Breathalyzer for THC targets drivers who are high, could save lives

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DENVER -- Up to a third of all DUIs are actually DUI-Ds -- drivers under the influence of drugs. And yet there's no version of a breathalyzer for drivers high on drugs.

But now one Colorado dad is pushing police to use a new device that could save lives, and get high drivers off the streets.

Boris Sanchez has the information in his video report above.



    • anonymous

      Actually, it does! Keep those eyes rolling. Hope you or your family doesn’t get in a crash with someone that is driving high…

    • Mary

      Actually, the real question is whether it will test for ALL drugs that can make someone unfit to drive. Whether those drugs are alcohol, marijuana, “controlled substances”, prescription drugs or even over the counter medications is irrelevant – the other folks on the road are no safer if the last 2 are used/abused than if the first 3 are.

  • Jason

    Traffic fatalities in medical marijuana states dropped by almost 10% in the last decade. No study done can prove impairment that would affect driving. There are very few fatal accidents that the person has cannabis only in their system. THC stays in your system for months. These will cause more innocent people to be incarcerated and it will feed more money in to the system. That is really what this is about. Instead of downsizing, like any for profit business, law enforcement just finds alternative ways to fill the revenue hole created by legalization. What are we protecting people from? People having been driving on cannabis since cars were invented…where are the stats? Where is the epidemic…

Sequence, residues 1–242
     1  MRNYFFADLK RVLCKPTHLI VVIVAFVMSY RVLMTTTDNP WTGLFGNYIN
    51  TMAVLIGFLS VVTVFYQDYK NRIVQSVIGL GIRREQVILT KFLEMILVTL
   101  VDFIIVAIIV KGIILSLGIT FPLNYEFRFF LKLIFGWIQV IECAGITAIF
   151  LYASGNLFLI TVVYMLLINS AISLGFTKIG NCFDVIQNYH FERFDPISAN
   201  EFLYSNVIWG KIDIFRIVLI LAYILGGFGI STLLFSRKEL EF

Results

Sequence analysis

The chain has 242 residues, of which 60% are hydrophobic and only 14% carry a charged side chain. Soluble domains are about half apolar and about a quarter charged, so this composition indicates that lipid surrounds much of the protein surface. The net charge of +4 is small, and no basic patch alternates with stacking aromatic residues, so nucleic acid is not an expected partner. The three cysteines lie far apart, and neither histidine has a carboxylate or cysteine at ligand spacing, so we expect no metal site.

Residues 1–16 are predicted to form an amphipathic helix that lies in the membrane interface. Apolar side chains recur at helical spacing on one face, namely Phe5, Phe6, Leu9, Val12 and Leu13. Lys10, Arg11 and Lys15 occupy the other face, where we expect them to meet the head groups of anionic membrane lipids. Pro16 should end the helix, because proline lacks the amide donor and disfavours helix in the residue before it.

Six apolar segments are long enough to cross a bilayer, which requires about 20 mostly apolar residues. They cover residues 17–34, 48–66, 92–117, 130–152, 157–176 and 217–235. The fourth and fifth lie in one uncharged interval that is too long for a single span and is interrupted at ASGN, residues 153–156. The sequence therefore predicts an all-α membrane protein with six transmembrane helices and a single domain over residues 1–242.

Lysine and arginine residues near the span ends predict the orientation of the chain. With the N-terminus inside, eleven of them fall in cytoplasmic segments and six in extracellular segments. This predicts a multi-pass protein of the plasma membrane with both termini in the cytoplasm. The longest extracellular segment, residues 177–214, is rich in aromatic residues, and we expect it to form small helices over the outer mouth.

• Lifeloc Technologies (@_LifeGuard)

    Law Enforcement is currently ill equipped to do roadside testing for THC intoxication let alone all the other available intoxicating substances (i.e. prescription meds). Colorado has invested in specially trained officers (Drug Recognition Experts) who have considerable expertise in recognizing the physical and cognitive symptoms of drug intoxication. As good as DREs are and they are good, even they can’t provide quantification of THC levels without a blood test. Saliva testing is being rejected because of its unreliability. Michigan just dropped saliva testing from a bill because the tests are inaccurate and could lead to improper arrests. The world does need a THC breathalyzer.

  • Dale Gross

    I have never heard of a car accident caused because the driver was high on marijuana. The two might coincide, but it does not prove cause and effect. Overly conservative people, who are afraid of their own shadows and feel they know what is best for all, are behind a 50% increase in laws in the last 25 years, the eroding of human and civil rights in this country (innocent people in jail/prison), and the funneling of an exorbitant amount of tax dollars into the law enforcement service industry (at the cost of skyrocketing college tuition and crumbling infrastructure). All the criminals on the planet couldn’t do as much damage as these people of whom I speak.

  • Dale Gross

    Just say no to more tax dollars given to the law enforcement service industry, more ways to get people in jail/prison/probation/parole, and more so-called public safety measures that only do the former two things (increase law enforcement spending and get people in trouble).

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